Despite years and years of ongoing protest, there still has been no justice for those who just want to go about their day without the threat of death by militarized police forces and the so-called justice system. As is said, no one is free while others are oppressed and it is once more that the streets are full of people who are demanding change. I stand with them, as do two of my beloved book art organizations I want to present here, in thanks and support of their endeavors.

Book arts centers are sites of social change and empowerment for those who have not been permitted by gatekeepers to speak up. Because of these centers, I’ve thrived as an artist and as an individual. They’ve inspired and empowered me to open my artist-run reading room in Beacon, paying it forward in a modest way by featuring the work of a wide array of artists and poets and continuing to print books for writers I admire, while making my personal work.

MCBA/Minnesota Center for Book Arts in Minneapolis, is also a home-place for me. It’s been a cultural organization that has nurtured thousands of young people over their 35 years. MCBA gives young people the tools, the skills, the mentoring, the funds and the platform to raise their voices using printmaking and the book arts as vehicles for expression and sharing. They have been printing, displaying and handing out the letterpress printed broadside in honor of George Floyd you see here on this page.

I’ve also been a long-time member of the CBA/Center For Book Arts, in NYC and had the pleasure of taking classes there as well as participating in exhibits and fundraisers. The CBA is also a site for empowerment of marginalized voices and is fundraising through sales of their broadsides featuring the work of Black poets they’ve published over the years.    https://centerforbookarts.org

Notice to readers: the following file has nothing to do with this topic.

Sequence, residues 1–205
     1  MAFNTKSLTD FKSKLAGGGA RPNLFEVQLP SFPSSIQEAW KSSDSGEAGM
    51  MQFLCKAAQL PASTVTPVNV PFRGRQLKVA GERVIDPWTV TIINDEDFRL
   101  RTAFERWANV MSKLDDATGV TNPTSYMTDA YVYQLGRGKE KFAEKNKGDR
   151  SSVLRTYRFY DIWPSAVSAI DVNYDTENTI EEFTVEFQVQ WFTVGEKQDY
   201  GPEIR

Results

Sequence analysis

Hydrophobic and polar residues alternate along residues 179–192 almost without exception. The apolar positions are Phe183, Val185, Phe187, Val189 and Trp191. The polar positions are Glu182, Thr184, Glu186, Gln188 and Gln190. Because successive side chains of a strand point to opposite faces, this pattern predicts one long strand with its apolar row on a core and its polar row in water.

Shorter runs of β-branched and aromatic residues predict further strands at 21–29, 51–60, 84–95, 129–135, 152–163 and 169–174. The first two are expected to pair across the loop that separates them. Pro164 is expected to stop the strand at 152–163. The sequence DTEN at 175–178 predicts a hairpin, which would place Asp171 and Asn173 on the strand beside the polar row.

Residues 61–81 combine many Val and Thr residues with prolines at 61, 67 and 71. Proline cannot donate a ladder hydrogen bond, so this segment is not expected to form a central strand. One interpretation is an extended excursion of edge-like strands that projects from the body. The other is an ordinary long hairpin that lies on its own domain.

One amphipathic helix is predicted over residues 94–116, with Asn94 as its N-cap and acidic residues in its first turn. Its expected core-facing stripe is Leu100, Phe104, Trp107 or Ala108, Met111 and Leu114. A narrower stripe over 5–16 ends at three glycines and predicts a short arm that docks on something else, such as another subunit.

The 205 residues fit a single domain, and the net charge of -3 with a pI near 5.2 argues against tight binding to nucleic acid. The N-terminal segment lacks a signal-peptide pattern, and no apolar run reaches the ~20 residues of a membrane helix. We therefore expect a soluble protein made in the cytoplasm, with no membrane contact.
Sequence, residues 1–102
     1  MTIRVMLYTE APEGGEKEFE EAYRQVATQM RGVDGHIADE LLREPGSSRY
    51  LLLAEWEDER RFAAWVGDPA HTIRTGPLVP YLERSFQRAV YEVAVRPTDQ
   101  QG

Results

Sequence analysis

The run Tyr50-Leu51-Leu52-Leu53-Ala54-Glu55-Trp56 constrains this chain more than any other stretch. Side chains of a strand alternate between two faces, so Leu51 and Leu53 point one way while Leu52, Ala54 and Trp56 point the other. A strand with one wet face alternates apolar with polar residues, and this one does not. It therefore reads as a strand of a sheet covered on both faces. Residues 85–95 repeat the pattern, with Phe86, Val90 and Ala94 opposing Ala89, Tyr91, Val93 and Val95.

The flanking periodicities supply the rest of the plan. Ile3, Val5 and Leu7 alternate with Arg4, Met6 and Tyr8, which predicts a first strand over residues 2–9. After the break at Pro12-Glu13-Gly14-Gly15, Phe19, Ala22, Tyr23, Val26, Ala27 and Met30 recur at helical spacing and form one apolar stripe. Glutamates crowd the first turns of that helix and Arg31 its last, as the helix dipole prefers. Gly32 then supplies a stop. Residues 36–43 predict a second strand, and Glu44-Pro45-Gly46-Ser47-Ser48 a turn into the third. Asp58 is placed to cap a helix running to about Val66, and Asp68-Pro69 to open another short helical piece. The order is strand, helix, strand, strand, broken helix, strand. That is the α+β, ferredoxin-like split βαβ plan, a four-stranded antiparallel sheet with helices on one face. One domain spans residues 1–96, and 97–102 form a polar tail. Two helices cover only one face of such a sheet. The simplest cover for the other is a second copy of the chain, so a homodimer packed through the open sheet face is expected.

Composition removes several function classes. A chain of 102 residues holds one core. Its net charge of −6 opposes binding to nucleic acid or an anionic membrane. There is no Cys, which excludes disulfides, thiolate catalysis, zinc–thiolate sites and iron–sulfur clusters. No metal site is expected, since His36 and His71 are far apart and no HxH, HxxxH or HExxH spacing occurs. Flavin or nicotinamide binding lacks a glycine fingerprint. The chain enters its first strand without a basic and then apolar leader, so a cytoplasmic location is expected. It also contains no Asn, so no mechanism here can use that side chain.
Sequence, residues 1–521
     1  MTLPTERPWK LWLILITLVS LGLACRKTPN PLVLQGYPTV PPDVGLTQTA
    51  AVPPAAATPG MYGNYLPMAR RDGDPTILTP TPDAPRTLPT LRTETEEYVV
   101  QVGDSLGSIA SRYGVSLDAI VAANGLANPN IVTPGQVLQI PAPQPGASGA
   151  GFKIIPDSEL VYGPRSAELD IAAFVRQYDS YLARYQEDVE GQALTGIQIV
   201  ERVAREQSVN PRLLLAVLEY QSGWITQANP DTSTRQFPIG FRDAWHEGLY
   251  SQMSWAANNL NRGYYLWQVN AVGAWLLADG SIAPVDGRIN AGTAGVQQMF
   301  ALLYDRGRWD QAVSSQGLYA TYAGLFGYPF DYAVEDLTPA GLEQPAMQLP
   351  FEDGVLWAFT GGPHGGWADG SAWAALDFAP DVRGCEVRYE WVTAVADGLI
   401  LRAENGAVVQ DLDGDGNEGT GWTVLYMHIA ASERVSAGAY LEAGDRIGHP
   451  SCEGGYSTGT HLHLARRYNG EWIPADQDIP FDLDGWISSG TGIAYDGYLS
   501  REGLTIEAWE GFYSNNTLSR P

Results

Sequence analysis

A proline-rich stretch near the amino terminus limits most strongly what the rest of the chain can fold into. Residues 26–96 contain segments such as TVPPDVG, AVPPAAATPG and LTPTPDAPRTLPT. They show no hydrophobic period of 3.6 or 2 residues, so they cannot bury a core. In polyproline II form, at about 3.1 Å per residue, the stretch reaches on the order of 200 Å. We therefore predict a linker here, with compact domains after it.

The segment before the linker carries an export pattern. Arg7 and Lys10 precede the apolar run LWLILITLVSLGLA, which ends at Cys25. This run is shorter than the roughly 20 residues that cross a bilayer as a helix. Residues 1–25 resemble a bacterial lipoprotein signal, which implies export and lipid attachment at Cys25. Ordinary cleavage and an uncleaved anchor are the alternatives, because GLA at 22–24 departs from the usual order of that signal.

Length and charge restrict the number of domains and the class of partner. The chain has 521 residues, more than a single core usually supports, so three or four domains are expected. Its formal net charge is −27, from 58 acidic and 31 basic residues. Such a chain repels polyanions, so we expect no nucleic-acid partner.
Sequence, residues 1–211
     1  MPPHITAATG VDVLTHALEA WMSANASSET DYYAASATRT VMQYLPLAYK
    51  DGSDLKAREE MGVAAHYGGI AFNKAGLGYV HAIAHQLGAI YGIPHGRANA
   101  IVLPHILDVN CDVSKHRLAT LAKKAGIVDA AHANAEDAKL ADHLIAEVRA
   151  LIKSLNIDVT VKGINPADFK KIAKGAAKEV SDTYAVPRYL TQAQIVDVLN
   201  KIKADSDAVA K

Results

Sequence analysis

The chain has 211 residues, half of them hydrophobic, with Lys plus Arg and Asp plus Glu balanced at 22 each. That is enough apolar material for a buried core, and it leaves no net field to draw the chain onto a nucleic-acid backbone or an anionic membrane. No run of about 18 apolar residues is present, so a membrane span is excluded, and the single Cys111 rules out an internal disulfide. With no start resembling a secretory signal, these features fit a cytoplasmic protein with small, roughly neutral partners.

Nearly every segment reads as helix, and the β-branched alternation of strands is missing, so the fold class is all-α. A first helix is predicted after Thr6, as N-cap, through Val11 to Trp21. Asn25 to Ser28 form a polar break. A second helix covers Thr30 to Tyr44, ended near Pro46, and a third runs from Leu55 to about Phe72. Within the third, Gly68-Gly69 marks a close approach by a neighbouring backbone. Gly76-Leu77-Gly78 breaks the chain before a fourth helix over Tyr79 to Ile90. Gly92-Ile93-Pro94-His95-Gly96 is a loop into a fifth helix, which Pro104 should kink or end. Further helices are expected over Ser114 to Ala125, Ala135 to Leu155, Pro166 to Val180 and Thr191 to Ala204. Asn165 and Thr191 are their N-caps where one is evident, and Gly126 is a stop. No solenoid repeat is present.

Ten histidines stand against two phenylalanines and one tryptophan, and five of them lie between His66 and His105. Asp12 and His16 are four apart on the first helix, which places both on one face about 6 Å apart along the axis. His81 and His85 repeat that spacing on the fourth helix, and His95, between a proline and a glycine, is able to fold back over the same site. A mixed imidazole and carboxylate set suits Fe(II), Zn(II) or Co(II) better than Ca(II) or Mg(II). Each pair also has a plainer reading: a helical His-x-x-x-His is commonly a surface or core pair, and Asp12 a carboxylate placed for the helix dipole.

I also want to mention the Women’s Studio Workshop in Rosendale, NY, here in the Hudson Valley. Although I have not yet had the opportunity to visit or work there, former students have and it’s made a major difference in their development. It’s been a center of empowerment for women through the book arts for decades. https://wsworkshop.org

I’ve never shied-away from speaking up or printing books on matters of social justice and I won’t be silent now. Reading Room book funds have been spent on new acquisitions in support of these efforts, as well as being diverted to support direct action on behalf of cultural organizations in MSP that need to be rebuilt after being destroyed. And there are many small press and artist-made books and zines on social justice topics in the Reading Room’s archives that will be available by appointment once I reopen after the Covid crisis is over. This is a safe space for anyone wanting to read and learn more from these works.

So, in honor of all those who work on behalf of justice for Black lives, please know my hands are never idle, my shelves are full of books that may now be hard to find and I continue to work towards a deeper understanding of how to bring about lasting change. That there are so many beloved people who were killed by racist, militarized police for far too long is a crime crying out for justice. We all must do our part. My part here is to send you to places I know that have a long-time mission of social justice through art education, with their own projects giving direct aid to the impacted communities and for the individuals who are out in the streets, while continuing the mission of supporting marginalized voices. Black lives matter.   -PMR